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Thread: Employers and your guns

  1. #1
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    Employers and your guns

    I stumbled across this via a Bing search

    http://hr.blr.com/HR-news/Performanc...vehicles-prot#

    Basically while KY law says an employer can't prohibit you from keeping YOUR legally permitted firearm in YOUR car, you have to "disclose" it to the company so they can determine if it's an "approved" firearm. What a shame. Or did I misunderstand the article?

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    Wow, the court really stretched on that one! I would be interested in knowing if this policy allows for the company to refuse certain types of firearms, and if they do, if the court would rule against that. I will say that I think it is very irresponsible to leave ANY firearm unattended in plain view.

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    Quote Originally Posted by willy1094 View Post
    Wow, the court really stretched on that one! I would be interested in knowing if this policy allows for the company to refuse certain types of firearms, and if they do, if the court would rule against that. I will say that I think it is very irresponsible to leave ANY firearm unattended in plain view.
    It would really help if you indicated whether that comment about types of firearms was supposed to be sarcastic. The alternatives are disquieting.

    Apparently state law says employees can store firearms in their POV while parked at work, and the company comes up with a policy saying employees have to tell the company if they are going to do that so the company can approve of the employee following state law.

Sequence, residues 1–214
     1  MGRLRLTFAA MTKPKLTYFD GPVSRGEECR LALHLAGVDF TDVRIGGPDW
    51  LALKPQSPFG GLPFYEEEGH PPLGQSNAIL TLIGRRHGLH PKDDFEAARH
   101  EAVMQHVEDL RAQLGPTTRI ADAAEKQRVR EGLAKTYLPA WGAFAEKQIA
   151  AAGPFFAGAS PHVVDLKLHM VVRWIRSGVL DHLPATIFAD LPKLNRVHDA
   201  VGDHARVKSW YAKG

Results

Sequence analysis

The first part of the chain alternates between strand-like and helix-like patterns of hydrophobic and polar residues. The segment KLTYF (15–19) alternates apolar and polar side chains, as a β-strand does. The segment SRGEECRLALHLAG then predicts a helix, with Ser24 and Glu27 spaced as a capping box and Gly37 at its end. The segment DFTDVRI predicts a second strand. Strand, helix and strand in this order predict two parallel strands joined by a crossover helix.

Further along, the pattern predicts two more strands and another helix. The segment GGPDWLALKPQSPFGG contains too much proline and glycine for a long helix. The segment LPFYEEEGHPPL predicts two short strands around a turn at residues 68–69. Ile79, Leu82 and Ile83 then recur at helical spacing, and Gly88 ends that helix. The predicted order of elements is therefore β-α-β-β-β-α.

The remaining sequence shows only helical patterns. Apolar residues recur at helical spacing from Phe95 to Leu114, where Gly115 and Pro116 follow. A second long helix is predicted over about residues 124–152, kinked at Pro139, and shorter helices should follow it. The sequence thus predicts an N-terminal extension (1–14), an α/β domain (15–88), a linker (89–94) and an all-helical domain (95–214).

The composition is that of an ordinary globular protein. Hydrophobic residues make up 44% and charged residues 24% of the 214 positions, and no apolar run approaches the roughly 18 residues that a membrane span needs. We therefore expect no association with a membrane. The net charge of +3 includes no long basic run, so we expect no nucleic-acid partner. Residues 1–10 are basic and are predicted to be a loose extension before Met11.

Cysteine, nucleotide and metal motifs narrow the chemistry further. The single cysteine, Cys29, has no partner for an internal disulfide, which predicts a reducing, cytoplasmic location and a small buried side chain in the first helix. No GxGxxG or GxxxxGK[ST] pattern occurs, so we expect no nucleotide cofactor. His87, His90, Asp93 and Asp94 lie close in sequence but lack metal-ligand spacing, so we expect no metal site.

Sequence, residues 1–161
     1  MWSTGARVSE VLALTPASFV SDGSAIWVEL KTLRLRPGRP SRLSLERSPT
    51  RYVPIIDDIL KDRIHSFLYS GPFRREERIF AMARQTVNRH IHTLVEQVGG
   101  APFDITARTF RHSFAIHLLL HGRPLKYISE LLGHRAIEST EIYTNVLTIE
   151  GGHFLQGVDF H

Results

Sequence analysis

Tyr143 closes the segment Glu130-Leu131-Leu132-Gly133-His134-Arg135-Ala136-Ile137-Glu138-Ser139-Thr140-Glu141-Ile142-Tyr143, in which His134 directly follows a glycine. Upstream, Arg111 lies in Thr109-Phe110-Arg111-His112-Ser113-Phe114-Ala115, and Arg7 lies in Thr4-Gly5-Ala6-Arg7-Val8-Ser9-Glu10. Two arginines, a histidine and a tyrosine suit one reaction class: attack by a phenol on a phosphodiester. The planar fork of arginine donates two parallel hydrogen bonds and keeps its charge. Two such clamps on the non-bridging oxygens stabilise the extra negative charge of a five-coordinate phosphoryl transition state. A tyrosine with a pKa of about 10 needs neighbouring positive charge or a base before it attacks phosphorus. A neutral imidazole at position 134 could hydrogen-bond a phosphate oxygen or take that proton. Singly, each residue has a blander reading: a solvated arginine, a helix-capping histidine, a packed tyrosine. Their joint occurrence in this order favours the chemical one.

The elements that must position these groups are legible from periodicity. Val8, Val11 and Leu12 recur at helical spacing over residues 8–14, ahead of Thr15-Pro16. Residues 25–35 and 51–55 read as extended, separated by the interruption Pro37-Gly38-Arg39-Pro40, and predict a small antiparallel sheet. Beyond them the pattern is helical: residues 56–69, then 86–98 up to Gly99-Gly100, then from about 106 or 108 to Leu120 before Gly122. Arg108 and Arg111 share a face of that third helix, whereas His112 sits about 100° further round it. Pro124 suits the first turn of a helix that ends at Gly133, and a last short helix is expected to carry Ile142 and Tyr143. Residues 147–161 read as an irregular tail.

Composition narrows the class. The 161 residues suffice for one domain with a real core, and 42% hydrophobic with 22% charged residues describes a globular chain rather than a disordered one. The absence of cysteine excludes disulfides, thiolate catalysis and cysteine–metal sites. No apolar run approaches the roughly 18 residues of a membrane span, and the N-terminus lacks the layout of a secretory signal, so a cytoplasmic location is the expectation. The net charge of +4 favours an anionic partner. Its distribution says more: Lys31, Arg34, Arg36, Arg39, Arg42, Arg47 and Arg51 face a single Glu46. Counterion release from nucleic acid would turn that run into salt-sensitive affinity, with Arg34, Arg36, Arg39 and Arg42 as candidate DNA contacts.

Next thing you know the company will want employees to notify them that they are going to comply with the requirement to come to a full stop at a stop sign before the company will allow them to do that on company property.[/sarcasm]

    stay safe.
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    Quote Originally Posted by skidmark View Post
    It would really help if you indicated whether that comment about types of firearms was supposed to be sarcastic. The alternatives are disquieting.
    Was this directed toward me? Just in case it was, nothing I posted was sarcastic. I also wonder if the defendant being Ashland Oil swayed the court's opinion.

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    The court's memo is here;
    http://www.washingtonpost.com/news/v...svMarathon.pdf

    Most of the charges were based on the statues ... since the statues do no prohibit the company demanding a form of disclosure then I think that the court ruled correctly.